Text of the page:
「ドラゴンの逆鱗」 (Doragon no Gekirin)
“The Dragon’s Sore Spot”
Moshi moshi, Zaiden desu! I’ll be covering Sakura Quest for Choya this week as he goes out of town for some business. Covering the arc conclusion between Kumano and Sayuri would have been nice, considering that Shiori is probably my favourite character so far. Anyway, doesn’t mean I’m not eager to provide coverage!
THE MATCH-MAKING PARTY
I use the term ‘country bumpkins’ endearingly when describing the residents of Manoyama. There’s just no end to their rustic, but uniquely quaint charms. However, I can’t withhold scepticism on my part regarding this whole match-making thing – it just seems like something waiting to go wrong. British Society typically loves this stuff as part of reality TV, especially when the drama blows out of proportion. Not to mention, I already made my allegiance with anime at an early age, while learning to hold reality TV in disdain. Colour me surprised when it didn’t actually turn out too badly; at least it’s gone better than Riot’s matchmaking system for League of Legends.
Initially the whole ordeal seemed superficial, until you learn that Kiyomi recently had her heart broken. Thus co-workers Ayana and Izumi, wanting to take her mind off things, signed up for the Manoyama match-making event. Something I also really appreciated was that these girls showed nothing but respect to Manoyama’s local customs and culture, when it would have been so easy to belittle the inhabitants.
It said a lot about the prospects of the three single stooges, when a highschool kid was considered more desirable than them. I chuckled hard when Kousuke brazenly walked in, and promptly received an earful from his older sister Maki for joining in on the match-making. To be fair, anyone would show concern if their underage sibling participated in these kind of things. Jealous Erika is so cute and the stare she gave Sandal-san together with Maki was hilarious, when he started playing Wagner’s Bridal Chorus on the violin.
Didn’t expect Kindaichi to successfully hit it off with Kiyomi, using somen as a red string of fate. The original idea itself might have been questionable but the execution from him was perfect, and I look forwards to any potential romantic developments. At the BBQ dinner party, the dancing took the limelight, even more so with the yukata. Call me a man of culture, but I still prefer the Hare Hare Yukai, though the Manoyama traditional dance is definitely up there!
Despite the candour she inherited from Chitose, Ririko in no way possesses her grandmother’s fiery temperament. She seems withdrawn in her own weird but wonderful world, and I have almost no clue what goes on inside her mind.
Being an extrovert, I cannot claim that Ririko’s struggles are relatable. Nevertheless, I felt highly critical of Ririko’s elementary school teacher, mainly concerning her preoccupation towards outward appearances. Segregating Ririko for being unable to smile is a horrible way to punish a child, especially since she couldn’t help it. And this trauma becomes the source of Ririko’s conflict this episode. She might have hated learning Manoyama’s traditional dance because of her horrible experiences as a child, but she still wants to learn it with her newly made friends.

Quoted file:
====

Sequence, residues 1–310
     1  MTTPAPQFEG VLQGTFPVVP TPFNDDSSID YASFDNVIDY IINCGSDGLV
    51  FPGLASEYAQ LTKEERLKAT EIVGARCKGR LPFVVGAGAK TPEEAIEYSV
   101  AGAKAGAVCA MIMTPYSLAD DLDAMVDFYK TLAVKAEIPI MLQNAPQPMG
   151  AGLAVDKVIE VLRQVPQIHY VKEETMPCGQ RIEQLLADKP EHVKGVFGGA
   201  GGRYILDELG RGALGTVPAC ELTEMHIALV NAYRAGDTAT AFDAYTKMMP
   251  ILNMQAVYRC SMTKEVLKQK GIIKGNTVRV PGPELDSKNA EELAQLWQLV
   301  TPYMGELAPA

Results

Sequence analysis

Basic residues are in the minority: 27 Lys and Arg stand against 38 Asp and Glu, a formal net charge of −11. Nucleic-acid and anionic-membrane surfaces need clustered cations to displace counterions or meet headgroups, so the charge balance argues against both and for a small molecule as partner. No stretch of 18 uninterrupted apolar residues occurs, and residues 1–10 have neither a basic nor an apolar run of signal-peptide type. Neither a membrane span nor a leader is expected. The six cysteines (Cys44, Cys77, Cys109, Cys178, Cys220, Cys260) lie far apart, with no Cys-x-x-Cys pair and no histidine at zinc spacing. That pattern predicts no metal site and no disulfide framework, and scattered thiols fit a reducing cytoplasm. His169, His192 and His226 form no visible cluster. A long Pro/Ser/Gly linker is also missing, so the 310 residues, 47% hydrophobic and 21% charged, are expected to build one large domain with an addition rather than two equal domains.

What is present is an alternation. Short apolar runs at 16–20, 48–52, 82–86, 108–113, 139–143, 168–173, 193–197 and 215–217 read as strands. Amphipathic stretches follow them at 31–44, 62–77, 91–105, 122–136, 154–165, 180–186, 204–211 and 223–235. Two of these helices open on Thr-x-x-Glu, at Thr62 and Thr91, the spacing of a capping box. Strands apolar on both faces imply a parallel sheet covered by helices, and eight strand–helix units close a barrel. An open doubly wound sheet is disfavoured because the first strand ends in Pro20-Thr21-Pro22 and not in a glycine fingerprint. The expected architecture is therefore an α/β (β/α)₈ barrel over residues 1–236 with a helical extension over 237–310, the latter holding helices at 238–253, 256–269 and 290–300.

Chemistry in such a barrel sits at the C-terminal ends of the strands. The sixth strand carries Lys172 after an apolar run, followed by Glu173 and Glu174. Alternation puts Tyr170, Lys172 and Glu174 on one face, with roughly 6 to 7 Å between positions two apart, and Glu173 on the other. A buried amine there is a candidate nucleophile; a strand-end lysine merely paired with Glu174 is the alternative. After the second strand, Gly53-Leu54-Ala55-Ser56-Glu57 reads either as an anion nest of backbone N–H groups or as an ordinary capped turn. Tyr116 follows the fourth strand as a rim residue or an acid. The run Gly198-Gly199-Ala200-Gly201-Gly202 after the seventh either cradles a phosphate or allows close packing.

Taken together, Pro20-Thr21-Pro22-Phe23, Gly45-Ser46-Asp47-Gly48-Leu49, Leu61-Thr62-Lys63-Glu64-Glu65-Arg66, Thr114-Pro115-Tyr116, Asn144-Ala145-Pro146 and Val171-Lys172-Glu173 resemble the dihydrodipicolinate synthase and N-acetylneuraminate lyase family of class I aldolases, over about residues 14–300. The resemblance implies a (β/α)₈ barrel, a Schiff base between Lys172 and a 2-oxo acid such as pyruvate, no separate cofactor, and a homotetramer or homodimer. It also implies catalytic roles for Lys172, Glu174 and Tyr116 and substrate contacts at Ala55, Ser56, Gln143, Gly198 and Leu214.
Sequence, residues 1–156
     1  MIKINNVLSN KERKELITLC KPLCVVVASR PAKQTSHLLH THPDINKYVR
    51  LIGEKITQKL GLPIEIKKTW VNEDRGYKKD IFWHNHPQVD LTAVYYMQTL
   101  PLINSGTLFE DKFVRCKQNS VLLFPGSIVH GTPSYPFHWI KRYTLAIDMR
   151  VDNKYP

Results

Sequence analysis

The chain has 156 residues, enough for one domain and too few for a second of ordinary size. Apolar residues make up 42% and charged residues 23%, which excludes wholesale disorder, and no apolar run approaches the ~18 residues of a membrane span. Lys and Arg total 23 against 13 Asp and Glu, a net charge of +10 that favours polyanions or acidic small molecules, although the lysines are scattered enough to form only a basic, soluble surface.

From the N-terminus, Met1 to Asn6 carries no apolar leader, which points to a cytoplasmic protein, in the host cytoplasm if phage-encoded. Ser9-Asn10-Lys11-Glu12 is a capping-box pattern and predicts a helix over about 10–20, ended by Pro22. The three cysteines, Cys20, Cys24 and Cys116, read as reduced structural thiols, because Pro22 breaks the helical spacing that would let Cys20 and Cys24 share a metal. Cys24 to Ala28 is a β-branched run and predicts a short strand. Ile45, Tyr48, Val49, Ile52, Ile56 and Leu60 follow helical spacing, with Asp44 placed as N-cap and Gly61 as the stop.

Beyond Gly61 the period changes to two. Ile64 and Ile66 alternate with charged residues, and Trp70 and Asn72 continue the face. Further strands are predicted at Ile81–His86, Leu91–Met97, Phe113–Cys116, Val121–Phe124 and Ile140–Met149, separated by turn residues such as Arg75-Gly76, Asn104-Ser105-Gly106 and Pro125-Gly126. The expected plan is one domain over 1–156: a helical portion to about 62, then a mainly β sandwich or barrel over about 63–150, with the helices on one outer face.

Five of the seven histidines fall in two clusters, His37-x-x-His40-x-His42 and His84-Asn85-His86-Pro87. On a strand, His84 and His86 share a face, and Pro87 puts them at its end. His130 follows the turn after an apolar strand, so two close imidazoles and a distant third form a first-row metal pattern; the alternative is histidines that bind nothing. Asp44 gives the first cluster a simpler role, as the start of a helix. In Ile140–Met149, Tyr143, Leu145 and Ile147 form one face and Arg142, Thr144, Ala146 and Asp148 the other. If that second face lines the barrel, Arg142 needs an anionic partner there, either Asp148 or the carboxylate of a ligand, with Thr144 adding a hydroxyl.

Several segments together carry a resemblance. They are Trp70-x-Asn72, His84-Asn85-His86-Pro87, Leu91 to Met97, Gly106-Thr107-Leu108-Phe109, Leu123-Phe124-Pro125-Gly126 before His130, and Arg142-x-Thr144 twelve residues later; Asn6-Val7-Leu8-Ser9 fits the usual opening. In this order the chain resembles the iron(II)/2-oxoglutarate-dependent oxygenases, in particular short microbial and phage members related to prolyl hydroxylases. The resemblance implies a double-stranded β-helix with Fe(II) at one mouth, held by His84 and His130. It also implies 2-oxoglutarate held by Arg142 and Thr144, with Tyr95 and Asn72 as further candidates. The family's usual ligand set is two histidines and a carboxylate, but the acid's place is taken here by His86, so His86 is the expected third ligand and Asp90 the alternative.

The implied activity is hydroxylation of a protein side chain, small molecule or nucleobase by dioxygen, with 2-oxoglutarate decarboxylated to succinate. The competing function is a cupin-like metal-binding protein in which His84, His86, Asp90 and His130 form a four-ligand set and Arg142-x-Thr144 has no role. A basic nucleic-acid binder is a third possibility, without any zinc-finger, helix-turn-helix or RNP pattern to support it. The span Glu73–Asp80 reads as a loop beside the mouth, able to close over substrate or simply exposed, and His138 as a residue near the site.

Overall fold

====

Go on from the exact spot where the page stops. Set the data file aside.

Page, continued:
It really comes across as a rather human and realistic depiction of someone suffering from social anxiety. Ririko doesn’t seem accustomed to having many friends, let alone a huge group of them. She seems to struggle with fitting into a group and reciprocating the feelings of goodwill shown by everyone else. It makes me think that the show wants to emphasise the internal conflicts we have, when dealing with feelings or desires we are not used to having.
Here, I want to somewhat agree with Chitose – Ririko is fine the way she currently is. For me, her eccentricity is super charming and it would be a shame if she loses parts of what makes her so unique and lovable. That said, I have nothing against seeing her getting a little bit more comfortable with her friends. After all, it would be incredibly rewarding if she was able to make that kind of progress, while maintaining her core identity as an awkward occult lover.
When the thunder storm broke out, I could hear the audible fear of the Shimogamo matriarch (Help, Uchouten Kazoku is leaking!). Ririko on the other hand cut a seemingly unperturbed figure in the rain, contrasting how everyone else scattered. But it was sad to see her huddling up vulnerably upon reaching the bus stop. Given how the buses are still running, I hope she receives insights from Takamizawa that will help in overcoming her past traumas.
Though I have no idea about what is emerging from the river, at least it’s not a chupacabara. Other than the curse of the broken dragon statue, I look forwards to how this arc will develop Ririko, alongside Kindaichi’s unscripted romance with Kiyomi. Potentially there might be an issue, where a troublesome ex of Kiyomi’s might show up. But I have faith P.A. Works won’t harm the focus on Ririko by forcing it in.
I’m surprised more people aren’t watching Sakura Quest. It might not have started like Hanasaku Iroha or Shirobako, which may have dissuaded those hoping for some kind of spiritual successor. But it strikes a nice middle ground between the two and still has many episodes left to showcase its own differences. At the moment, Sakura Quest definitely has a lot to prove as it dwells in the shadow of legacy set by other P.A. Works series. But with the gradual build-up in character development, I’m confident that once every girl receives an arc, an interesting finale awaits!